By Zack Rosenberg
An Olive Branch..?
While many refer to Labor Day as the end of Summer, we wouldn’t be much of a career oriented blog if we didn’t delve into the true meaning of the day. So light up your grills, enjoy the day off, and remember why it is Labor Day exists.
A Celebration of Labor
It’s really easy to think the way things are is the way it always was, right? Could you imagine the outrage if we went to a local restaurant and a 6 year-old was busing tables or worse, a man with a family that was making $.10 an hour and/or+ no standard work hours? This was reality and we aren’t talking a million years ago.
Doing the only thing reasonable, workers began to unionize. This despite the efforts of their
masters bosses. Brutally beating any and all who would even toy with the notion of banding together for the greater good of their fellow workers.
Sounds terrible, doesn’t it? Working to create a better life.
While many of the above items weren’t addressed until FDR’s Presidency (even though many of these laws were actually on the books, though not enforced), it is important to keep that in mind the next time you complain about your work conditions. At the very least when you call your mom to complain that your co-worker ate your lunch.
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C’mon Beth! What’s up with that?!
Someone do something about this.
While there is still plenty of dispute around where the idea came from, (was it Matthew Maguire, a machinist or Peter McGuire, a carpenter?) the precise origin isn’t as important as the movement.
What we do know is that on September 5th, 1882 in NYC that many of these unions pushed for a day to recognize the workers of America. Though it wasn’t quite official, over 10,000 workers “marched” to City Hall and the tradition carried on.
The fact that anything came to be was a nod to finally having their power over politics. Shortly after Labor Day began to spread to other states. Though it wasn’t until 1894 (12 years later) that Congress made it national. It was President Grover Cleveland seeking re-election, who pushed through this “concession” of a single day paid day off following a deadly railroad strike that killed more than a dozen. Public outrage obviously ensued.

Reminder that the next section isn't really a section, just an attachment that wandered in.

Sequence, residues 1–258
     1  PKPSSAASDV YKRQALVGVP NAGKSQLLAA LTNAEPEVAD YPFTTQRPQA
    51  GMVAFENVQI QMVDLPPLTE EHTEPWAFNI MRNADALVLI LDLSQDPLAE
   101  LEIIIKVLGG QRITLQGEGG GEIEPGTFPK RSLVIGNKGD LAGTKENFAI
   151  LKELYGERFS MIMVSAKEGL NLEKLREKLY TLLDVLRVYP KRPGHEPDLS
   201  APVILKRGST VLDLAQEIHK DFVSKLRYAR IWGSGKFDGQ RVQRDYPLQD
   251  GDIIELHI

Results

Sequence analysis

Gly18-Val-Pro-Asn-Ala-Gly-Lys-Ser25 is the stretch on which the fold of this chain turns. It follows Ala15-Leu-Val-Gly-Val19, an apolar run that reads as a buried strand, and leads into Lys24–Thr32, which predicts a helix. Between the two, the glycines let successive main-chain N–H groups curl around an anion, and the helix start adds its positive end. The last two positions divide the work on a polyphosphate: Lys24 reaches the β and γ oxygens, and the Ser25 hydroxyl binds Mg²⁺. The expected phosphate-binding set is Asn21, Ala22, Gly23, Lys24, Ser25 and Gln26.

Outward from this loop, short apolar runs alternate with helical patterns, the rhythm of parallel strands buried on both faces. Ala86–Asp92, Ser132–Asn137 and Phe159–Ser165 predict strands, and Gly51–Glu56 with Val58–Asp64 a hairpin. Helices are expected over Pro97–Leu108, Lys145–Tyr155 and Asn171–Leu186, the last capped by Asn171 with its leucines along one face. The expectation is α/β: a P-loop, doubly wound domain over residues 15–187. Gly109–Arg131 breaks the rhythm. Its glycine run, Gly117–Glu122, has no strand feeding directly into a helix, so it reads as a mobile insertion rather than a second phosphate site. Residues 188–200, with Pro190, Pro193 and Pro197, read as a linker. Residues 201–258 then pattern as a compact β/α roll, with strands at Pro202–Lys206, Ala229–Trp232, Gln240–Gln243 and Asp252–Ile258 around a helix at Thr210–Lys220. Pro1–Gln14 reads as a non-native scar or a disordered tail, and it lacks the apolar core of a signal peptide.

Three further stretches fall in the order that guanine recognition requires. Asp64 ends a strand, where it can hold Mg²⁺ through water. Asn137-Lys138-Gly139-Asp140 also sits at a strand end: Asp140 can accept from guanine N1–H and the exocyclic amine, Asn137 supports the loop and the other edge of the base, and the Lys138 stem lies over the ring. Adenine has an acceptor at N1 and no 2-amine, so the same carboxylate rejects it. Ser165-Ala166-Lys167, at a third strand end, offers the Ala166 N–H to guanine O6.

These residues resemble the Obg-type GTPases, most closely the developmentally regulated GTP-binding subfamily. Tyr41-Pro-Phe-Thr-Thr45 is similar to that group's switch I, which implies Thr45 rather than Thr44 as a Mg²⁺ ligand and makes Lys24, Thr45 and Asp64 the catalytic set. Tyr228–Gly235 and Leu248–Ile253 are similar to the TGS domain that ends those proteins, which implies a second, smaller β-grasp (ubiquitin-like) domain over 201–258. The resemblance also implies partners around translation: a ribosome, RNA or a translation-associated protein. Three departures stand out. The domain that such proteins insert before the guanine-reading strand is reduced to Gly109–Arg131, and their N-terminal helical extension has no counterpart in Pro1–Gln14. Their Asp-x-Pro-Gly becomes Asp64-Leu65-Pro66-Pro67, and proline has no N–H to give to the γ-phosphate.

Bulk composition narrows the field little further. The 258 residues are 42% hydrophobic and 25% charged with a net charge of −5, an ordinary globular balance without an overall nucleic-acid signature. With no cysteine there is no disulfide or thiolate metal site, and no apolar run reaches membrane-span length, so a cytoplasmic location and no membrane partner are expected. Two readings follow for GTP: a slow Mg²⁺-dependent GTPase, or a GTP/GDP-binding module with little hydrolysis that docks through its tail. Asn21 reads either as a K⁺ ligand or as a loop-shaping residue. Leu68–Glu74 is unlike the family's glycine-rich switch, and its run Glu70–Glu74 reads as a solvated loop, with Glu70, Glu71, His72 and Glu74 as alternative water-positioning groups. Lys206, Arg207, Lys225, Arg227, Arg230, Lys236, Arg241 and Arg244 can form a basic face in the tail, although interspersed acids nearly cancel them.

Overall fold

Lets keep in mind this is a body of people in Congress that work about 6 months a year, telling people who work 7 days a week for peanuts, one day off is something that needs to truly be debated. How little has changed. Sigh.
Though it should also be noted that Grover Cleveland lost his re-election bid….well the first time. He won again fours year later, becoming the first President to be re-elected in nonconsecutive terms.
Labor Day was born!
First observance of Labor Day were to come in the form of a street parade to exhibit to the public “the strength and esprit de corps of the trade and labor organizations” of the community, followed by a festival for the recreation and amusement of the workers and their families.
This became the pattern for the celebrations of Labor Day. Speeches by prominent politicians were introduced later, as more emphasis was placed upon the economic and civic significance of the holiday. Later on, by a resolution of the American Federation of Labor convention of 1909, the Sunday preceding Labor Day was adopted as Labor Sunday and dedicated to the spiritual and educational aspects of the labor movement. Of course this later became the first Monday in September.
From the Department of Labor
“The vital force of labor added materially to the highest standard of living and the greatest production the world has ever known and has brought us closer to the realization of our traditional ideals of economic and political democracy. It is appropriate, therefore, that the nation pay tribute on Labor Day to the creator of so much of the nation’s strength, freedom, and leadership — the American worker.”
Nice sentiment, right?
The future of Labor according to the LaborLawCC.com website.
As unions continue to decline, their work will not be soon forgotten.
However you plan to celebrate, be in the moment and thankful for those who went before you. More importantly remember there is still a ways to go. From equal pay for women, paid sick leave, and increased minimum wage, and so much more.
We can only hope that 100 years from now the fight will have moved beyond and towards a place of progress for all.